“It’s not a matter of making a direct palm oil substitute, we want to be having conversations with our customers and providing them with the fatty acid profile they need, so that they no longer require tropical oils.
“No deforestation would be required to provide them with the fatty acid profile they desire. And it would be abundantly available.”
But is all palm oil bad?
Palm is present in a wealth of products, both in food and non-food categories. Aside from the perhaps more obvious confectionery and ice cream products, it’s also in pizza, infant formula, noodles, pasta, toothpaste and soap.
“When I started exploring this industry, I was baffled by the number of products it’s in,” recalled Langhout.
Of course, just because a product lists palm oil in its ingredients list does not mean it is associated with deforestation. Many food brands have achieved, or plan to achieve in the near future, a 100% certified sustainable palm oil supply chain.
If NoPalm Ingredients is looking to disrupt the entire palm oil industry, we asked its CEO whether responsibly produced palm oil should still have a place in the sector.
“If it’s a choice between sustainable palm oil and unsustainable palm oil, I’d say yes,” responded Langhout.
However, sustainable palm oil is not a perfect solution, he explained. “Deforestation aside, sustainably produced palm oil still requires the use of chemicals. It still relies on transportation. And if we’re honest, it remains a monoculture for which fertilisation is required to keep up plantation yields. If you look at the fertility of the soil, it’s almost dead.”
In an ideal world, no palm oil – whether sustainably produced or not – would be used, he continued.
From a practical perspective, Langhout would want to make sure unsustainable palm oil production is ceased immediately, before sustainable palm is replaced.
“There is no argument as to why palm oil plantations should continue to run in the long-term. We have a solution that’s local, which can leverage local supply chains to produce it, doesn’t require deforestation or transportation, and limits the use of chemicals.”
NoPalm Ingredients expects its first microbial fat-based ingredients will reach the market in 2025, which is also when it plans to establish its own commercial facility.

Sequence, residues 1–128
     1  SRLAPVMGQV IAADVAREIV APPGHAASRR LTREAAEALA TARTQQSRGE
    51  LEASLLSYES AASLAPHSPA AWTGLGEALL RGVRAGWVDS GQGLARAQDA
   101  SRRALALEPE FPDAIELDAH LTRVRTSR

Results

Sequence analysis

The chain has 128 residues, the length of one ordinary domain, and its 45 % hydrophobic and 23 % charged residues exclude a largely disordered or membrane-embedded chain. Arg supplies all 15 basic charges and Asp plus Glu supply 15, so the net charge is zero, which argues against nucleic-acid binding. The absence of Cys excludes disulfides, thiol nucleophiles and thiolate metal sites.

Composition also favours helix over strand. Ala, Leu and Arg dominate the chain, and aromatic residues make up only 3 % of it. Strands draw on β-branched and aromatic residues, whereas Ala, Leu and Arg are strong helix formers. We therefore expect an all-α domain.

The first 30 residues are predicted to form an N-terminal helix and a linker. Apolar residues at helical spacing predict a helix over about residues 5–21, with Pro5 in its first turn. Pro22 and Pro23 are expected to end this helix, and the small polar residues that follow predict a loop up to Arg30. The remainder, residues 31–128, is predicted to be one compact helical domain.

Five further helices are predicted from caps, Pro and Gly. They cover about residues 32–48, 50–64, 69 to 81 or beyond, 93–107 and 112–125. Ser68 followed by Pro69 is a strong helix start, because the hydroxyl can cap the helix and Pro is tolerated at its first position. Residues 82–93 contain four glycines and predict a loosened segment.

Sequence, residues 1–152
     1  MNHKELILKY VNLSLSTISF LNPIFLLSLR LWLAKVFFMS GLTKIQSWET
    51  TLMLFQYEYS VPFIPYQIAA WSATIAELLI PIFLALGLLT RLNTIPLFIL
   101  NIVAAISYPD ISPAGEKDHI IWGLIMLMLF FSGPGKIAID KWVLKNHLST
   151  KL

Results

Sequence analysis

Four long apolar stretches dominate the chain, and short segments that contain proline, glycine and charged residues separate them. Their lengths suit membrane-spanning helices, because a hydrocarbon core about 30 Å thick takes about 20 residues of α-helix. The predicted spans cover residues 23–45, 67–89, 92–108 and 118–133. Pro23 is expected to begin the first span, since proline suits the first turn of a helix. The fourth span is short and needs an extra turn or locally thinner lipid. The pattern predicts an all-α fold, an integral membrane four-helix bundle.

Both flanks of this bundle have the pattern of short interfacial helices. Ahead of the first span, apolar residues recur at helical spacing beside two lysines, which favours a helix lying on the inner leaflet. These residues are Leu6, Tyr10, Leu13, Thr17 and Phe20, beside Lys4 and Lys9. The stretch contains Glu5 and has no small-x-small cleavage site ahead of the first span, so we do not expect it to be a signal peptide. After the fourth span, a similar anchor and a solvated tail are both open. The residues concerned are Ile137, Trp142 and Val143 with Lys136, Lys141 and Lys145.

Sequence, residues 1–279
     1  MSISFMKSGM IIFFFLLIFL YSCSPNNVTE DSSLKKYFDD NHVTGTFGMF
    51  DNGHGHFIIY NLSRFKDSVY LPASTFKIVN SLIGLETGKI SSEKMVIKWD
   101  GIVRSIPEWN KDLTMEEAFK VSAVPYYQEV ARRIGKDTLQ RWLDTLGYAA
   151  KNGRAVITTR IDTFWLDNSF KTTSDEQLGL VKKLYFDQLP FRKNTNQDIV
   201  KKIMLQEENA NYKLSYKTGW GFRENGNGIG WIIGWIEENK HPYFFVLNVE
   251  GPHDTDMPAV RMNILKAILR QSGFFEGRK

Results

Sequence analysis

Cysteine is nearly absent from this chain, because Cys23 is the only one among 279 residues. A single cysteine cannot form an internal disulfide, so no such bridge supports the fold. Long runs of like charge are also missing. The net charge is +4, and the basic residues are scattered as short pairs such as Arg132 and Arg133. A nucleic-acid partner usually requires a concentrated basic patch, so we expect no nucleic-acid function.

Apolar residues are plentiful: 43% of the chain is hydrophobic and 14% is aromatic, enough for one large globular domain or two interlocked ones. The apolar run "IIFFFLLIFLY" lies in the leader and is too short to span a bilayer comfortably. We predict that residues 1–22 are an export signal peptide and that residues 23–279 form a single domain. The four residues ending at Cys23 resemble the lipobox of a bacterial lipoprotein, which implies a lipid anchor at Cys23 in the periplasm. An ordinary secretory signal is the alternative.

Before that happens, the start-up will need to receive regulatory approval from relevant agencies. NoPalm Ingredients is starting with the US Food and Drug Administration (FDA) and the European Food Safety Authority (EFSA).
“We’re confident we’ll achieve [Novel Foods] approval, since our oils have a similar fatty acid profile to palm oil. The output is more or less the same, it’s the origination that is different.”
Another barrier to commercialisation is scale. However in this instance, too, the start-up is moving in the right direction. Currently fermenting at 100L scale, it is planning a 4,000L fermentation in September. “This year is all about demonstrating that we can do this at scale,” the CEO explained.
“I think we’re quite advanced in terms of scale. The next step will be to complete our next fundraise, work with more side streams, and expand our product portfolio.”
After that, the start-up will set up pilot projects with customers and collaborations with suppliers before moving into commercialisation.
NoPalm Ingredients has a two-pronged business model.
One the one hand, the start-up plans on collaborating with suppliers which don’t currently work with palm oil, but who have ‘large volumes’ of side streams. Together, the partners could produce NoPalm Ingredients offerings.
At the same time, the start-up is keen to establish a licencing model for businesses – such as food manufacturers – which currently source palm oil but which also produce large volumes of side streams. Under this agreement, the company in question could convert their side streams into microbial oil themselves, and replace palm oil ‘altogether’ in their processes, we were told.
“Imagine if all companies in the world started using microbial oil instead of palm oil. We could make a real impact and eliminate palm oil in an accelerated way.”